As wildfires become larger and more frequent, air quality in Oregon has suffered. Days that hit air pollution levels considered dangerous for at least some people have increased sharply since 2015, according to a report from the state’s Department of Environmental Quality.
Because Oregon is such a large state, bad air day counts vary greatly by geography. But they have increased in all of the cities in the report.
Air quality measurements test the amounts of pollutants in the air, including carbon monoxide and sulfur dioxide, to calculate how safe it is to breathe. Once the Air Quality Index, or AQI, gets to 151, it’s considered unhealthy for everyone. Higher AQI numbers indicate increasing health risks from breathing the air, especially for those with asthma or heart disease or who are older.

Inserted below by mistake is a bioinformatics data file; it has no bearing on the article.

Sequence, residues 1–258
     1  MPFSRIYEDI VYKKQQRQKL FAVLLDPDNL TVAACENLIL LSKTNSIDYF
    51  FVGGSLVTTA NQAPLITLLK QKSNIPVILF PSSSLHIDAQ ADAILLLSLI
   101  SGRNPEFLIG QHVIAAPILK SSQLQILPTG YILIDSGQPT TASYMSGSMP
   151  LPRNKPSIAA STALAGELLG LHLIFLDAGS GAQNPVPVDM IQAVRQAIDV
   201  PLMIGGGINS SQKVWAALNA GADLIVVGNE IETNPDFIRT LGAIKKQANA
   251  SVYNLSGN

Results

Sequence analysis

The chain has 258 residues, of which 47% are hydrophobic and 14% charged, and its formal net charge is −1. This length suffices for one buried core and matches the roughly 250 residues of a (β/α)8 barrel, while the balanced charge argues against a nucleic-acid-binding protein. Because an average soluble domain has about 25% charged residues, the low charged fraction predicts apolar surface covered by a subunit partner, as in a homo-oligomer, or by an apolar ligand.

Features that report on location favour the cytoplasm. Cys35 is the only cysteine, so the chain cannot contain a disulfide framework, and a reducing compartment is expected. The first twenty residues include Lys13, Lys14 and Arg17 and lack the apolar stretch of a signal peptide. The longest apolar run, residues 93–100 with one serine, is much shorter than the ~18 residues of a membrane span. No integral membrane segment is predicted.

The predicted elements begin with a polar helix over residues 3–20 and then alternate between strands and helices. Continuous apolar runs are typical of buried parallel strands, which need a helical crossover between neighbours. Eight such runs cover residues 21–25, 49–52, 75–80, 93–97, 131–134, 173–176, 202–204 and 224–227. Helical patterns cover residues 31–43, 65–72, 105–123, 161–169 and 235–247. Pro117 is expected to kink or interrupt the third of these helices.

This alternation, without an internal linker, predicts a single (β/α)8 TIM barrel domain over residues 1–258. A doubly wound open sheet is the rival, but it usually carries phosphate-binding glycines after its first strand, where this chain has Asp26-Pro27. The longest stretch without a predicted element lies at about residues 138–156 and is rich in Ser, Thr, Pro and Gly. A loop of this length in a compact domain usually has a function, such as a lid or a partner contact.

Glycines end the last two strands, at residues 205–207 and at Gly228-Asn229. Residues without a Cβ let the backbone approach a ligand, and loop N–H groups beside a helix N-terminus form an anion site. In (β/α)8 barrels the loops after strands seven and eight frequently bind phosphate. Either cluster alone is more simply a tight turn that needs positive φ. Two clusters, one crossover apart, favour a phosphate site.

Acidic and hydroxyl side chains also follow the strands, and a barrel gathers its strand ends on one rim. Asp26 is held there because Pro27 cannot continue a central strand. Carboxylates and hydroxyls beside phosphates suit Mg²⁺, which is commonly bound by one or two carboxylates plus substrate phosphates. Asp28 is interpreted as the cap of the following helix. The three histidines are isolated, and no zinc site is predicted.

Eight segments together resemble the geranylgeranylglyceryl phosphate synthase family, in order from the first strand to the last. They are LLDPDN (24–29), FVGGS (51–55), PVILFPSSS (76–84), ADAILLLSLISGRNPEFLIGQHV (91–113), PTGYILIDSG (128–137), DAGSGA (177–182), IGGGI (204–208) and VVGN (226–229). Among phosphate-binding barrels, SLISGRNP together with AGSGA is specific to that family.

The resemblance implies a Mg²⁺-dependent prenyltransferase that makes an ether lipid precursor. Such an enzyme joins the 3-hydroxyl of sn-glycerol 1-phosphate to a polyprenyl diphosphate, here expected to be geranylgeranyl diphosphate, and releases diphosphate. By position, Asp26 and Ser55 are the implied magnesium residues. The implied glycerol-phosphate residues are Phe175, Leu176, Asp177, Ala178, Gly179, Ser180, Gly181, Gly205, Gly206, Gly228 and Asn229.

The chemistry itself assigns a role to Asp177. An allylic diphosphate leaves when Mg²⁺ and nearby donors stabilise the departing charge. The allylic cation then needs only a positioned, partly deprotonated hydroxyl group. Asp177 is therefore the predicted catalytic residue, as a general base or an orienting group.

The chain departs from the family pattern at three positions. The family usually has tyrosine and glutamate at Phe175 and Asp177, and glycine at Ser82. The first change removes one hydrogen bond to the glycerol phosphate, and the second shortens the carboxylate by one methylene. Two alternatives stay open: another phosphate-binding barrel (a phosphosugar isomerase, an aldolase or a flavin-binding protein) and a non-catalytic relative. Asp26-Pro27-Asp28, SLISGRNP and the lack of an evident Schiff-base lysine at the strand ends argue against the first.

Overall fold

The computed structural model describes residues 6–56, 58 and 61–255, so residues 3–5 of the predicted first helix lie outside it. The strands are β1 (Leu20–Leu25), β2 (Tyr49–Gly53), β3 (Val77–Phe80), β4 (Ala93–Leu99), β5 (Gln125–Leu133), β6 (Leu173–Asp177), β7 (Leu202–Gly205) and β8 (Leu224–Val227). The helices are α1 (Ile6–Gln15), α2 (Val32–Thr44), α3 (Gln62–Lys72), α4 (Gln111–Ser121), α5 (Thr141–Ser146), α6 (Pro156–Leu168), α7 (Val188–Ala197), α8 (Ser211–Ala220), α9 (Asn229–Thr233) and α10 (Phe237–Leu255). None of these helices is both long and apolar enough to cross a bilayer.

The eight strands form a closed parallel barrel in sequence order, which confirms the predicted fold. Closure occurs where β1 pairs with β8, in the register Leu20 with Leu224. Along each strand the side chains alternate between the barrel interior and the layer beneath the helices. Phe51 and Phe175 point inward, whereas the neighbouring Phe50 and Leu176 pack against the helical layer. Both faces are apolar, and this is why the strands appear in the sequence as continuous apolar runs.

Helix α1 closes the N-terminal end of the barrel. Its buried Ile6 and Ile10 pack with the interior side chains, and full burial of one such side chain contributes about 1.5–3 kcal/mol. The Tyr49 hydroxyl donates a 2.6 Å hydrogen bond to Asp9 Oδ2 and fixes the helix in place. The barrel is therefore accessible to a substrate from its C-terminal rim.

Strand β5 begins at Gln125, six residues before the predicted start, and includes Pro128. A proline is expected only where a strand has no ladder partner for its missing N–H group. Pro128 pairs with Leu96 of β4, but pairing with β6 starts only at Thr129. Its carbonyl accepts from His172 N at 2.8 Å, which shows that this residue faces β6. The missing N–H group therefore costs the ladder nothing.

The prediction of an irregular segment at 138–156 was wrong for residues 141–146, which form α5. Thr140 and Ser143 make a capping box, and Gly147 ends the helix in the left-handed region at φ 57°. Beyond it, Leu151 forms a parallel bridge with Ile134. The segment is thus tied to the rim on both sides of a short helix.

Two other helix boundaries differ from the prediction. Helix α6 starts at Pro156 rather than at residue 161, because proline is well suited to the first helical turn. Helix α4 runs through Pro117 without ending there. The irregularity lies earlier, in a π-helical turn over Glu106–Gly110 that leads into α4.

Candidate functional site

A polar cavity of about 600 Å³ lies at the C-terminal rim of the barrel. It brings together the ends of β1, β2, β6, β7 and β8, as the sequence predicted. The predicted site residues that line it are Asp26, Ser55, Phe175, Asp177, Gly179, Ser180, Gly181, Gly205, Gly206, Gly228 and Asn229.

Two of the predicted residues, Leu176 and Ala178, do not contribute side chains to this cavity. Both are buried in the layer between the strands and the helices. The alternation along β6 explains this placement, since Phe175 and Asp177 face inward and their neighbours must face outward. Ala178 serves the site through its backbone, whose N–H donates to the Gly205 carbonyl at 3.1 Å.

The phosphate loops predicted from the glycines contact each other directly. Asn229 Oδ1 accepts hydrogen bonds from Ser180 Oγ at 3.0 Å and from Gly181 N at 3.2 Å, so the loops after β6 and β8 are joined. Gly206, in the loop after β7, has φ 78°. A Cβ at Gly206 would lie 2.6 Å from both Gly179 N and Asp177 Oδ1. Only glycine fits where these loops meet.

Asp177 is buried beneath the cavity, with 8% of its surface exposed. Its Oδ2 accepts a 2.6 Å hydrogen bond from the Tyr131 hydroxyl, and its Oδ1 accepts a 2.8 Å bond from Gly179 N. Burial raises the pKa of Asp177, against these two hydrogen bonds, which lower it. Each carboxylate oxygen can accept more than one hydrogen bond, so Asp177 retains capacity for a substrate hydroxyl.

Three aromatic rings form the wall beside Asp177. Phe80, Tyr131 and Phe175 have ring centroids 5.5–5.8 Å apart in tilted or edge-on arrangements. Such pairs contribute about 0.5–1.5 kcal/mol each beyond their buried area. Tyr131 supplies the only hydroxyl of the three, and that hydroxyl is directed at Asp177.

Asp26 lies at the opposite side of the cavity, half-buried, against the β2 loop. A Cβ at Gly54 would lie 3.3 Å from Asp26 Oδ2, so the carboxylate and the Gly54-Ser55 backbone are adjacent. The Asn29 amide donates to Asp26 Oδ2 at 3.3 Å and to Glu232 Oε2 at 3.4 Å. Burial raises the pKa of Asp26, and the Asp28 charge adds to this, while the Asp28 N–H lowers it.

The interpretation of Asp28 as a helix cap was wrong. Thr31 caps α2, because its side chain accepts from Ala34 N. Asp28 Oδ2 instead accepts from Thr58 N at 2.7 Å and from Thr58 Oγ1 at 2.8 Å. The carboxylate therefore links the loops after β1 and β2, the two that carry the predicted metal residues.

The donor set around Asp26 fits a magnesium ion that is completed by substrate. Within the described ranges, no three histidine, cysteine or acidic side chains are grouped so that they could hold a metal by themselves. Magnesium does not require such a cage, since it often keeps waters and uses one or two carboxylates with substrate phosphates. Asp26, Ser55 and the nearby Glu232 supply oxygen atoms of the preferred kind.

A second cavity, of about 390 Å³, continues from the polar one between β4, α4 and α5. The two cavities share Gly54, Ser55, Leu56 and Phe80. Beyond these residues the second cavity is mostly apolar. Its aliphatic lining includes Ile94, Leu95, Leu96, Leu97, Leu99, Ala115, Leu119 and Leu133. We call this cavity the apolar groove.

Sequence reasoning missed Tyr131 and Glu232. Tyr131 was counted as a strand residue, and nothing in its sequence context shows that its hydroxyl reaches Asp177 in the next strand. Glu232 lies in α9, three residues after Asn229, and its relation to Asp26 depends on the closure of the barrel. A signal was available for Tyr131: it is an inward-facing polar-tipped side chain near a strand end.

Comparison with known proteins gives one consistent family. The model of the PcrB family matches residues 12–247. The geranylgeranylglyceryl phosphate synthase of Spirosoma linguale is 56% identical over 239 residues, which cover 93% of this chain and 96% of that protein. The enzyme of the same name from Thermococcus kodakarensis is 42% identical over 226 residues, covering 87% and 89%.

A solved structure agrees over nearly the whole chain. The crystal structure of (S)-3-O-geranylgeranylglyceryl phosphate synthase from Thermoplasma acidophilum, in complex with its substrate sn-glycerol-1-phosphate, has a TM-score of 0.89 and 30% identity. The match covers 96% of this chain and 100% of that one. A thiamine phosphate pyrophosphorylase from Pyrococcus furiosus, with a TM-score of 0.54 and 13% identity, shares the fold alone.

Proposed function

Portland had no unhealthy air days from wildfire smoke between 1987, when regular air quality measurements began, and 2014, according to the report. But from 2015 through 2022, it had seven unhealthy, three very unhealthy, and five hazardous days from wildfire smoke.
Klamath Falls and Medford each recorded around 20 unhealthy days before 2015, and more than 60 unhealthy days from 2015 to 2022. Both cities also saw an increase in very unhealthy days and hazardous days. Bend went from three unhealthy days before 2015 to more than 30 days that were either unhealthy, very unhealthy or hazardous.
Since 2010, the average number of acres burned per year has continued to rise. And looking to cities with consistent air quality tracking since the mid-1980s, it’s clear that the effect of wildfire smoke has become a much bigger issue since 2015.